Posts Tagged ‘god’

It’s easy to see how myths about the “man in the moon” got started, isn’t it?  We look up, pareidolia kicks in, and voilà! insta-myth.  But this tendency isn’t really anything surprising, is it?  Everyone has heard the stories about seeing the Virgin Mary in a piece of toast or Osama bin Laden in the smoke billowing from the twin towers on September 11, 2001.

In a twist on these fantastic stories, I submit to you the following thesis: arguments for the existence of god are no different than arguments for the existence of the man in the moon.

When we look up at the moon on a clear night we see a pattern of craters and mountains that, from 238,855 miles away, can often appear to take the form of a human face.  Of course, we know that the moon does not really have a “face,” but our mind can sometimes trick us into thinking that it does.  Essentially we are taking something aleatoric and incomprehensible, a blurry topography of mountains and craters on the moon, and substituting, in its place, something we can comprehend, a human face: we’re trying to make sense of the data set with which our senses have provided us.  Efforts of this nature are analogous to the argument that (most) people make for the existence of god.

As arguments for god’s existence go, Aquinas’ “teleological argument” is really the only one that still insists on rearing its shriveled head, and will thus be the focus of my criticism.  The so called “ontological argument” fell apart as soon as Anselm realized that believing in unicorns or trolls didn’t make them real, either.  And the “cosmological argument” is so full of bullshit that even a six-year-old can dismantle it.  So, what is it about the teleological argument that has kept it around for so long?

Well, for one thing, it seems to be our natural, human response to take data sets that we do not, or cannot, understand and make sense of them by re-framing them in comprehensible terms.  (On a side note, one unfortunate side effect of this type of “understanding” is that it often allows suppositions about purpose/intention to creep into one’s thinking.)  This is exactly what Thomas was doing when he formulated the teleological argument for the existence of god, and, as the argument is a reflection of mid-13th century thought, we really can’t blame him for lacking the scientific prowess and insight to know better than to use supernatural explanations  to try to account for natural phenomena.  After all, it is only within the last 150-200 years that advances in science and technology have afforded us the opportunity to begin to understand the natural world in natural terms.  That said, another reason behind the staying power of the teleological argument comes to light: the church has been drilling the argument into its subjects for nearly 750 years, and the scientific community has only been able to respond with counter-evidence in the past 200.  However, this persistence does not make the argument tenable: we don’t throw virgins into volcanoes anymore, either.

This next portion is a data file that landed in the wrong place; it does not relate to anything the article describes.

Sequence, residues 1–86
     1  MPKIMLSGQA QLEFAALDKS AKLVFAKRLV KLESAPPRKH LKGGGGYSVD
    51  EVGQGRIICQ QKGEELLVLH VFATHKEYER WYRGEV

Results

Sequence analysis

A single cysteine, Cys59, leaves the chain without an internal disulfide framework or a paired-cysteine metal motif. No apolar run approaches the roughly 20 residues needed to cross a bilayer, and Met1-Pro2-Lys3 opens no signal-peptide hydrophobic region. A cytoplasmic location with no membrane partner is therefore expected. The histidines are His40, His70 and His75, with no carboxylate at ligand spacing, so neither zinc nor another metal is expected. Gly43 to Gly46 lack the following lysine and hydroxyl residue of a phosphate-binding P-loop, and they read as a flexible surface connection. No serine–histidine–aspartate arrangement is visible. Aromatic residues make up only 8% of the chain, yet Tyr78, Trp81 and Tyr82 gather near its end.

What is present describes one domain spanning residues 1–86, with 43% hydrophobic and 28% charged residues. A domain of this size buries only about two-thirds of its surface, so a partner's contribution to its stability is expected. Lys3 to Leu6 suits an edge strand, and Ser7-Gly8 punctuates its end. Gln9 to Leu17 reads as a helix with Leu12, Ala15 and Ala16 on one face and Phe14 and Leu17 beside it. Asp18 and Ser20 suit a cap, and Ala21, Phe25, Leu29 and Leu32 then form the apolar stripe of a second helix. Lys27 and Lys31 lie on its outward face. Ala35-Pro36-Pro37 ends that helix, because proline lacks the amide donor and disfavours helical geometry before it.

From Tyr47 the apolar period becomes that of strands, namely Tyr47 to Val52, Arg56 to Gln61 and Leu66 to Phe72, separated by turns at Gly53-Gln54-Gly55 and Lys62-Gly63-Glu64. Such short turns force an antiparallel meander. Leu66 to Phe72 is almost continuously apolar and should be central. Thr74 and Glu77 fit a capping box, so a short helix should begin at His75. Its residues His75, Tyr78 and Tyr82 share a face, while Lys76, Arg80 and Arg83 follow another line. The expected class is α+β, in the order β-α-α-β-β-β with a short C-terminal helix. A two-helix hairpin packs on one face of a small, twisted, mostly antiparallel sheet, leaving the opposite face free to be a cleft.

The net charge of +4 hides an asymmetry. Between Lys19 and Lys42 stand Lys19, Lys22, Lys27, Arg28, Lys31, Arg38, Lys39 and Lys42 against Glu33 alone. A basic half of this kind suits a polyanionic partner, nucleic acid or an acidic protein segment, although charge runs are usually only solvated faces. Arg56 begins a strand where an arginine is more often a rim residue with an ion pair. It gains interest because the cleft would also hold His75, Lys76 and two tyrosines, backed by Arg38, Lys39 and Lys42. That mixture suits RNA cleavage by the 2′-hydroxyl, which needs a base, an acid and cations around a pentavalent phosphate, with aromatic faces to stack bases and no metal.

For those individuals who base their belief in god on the teleological argument, I will grant the following: it almost makes sense.  Before a certain point in history it is very easy to understand why someone, when observing Nature, would ask, “I wonder who created this?”  After all, we can look at a painting and know who painted it.  If we sit down for a home-cooked meal we know who made the food we are about to enjoy.  “Who?” is one of the default questions we learn to ask when searching for (efficient) cause.  But, perhaps most important to our present discussion, “who” implies personhood (or at least intelligent agency).  Thus, the very nature of the question, “Who created Nature?” implies the existence of a sentient being outside of Nature.  (No being within Nature could have created it.)  There are two criticisms of the teleological argument that spin off from this point.

First, and of particular concern for theists, is the anthropomorphic nature of the question, “Who?”  As stated above, the nature of the question implies personhood, and, in most cases, a very human personhood.  This is a problem for theists because it is not at all straightforwardly clear that, if there were a who that created all of Nature, that such a who would be anything like a human being.  To quote Xenophanes,

“Mortals deem that gods are…as they are, and have clothes like theirs, and voice and form…yes, and if oxen and horses or lions had hands, and could paint with their hands, and produce works of art as (humans) do, horses would paint the forms of gods like horses, and and oxen like oxen…” (1)

There is a second criticism that spins off from the question, “Who created this?”  And it is that the efficient cause is not always a who.  Consider an oak tree.  We know that oak trees grow from acorns, and that acorns come from oak trees.  So, if one were to walk outside and ask, “Who created this?” about an oak tree, they would have already confused themselves.  The proper question to ask is, “What state of affairs came about to bring this oak tree into existence?”  This question allows for the involvement of a who within the state of affairs leading up to the tree, but does not constrain the set of possible answers.  And we know the answer to the latter question about the oak tree: an acorn was buried and, over time, grew into the tree.  (Some philosophers think that the answer to this question must be pushed back another level.  They would say that another oak tree caused the oak tree in question, because the first tree supplied the acorn.  Others think that causation must be pushed back even further than second-level.  This may be the case, but at some point practical considerations must limit the depth of inquiry.)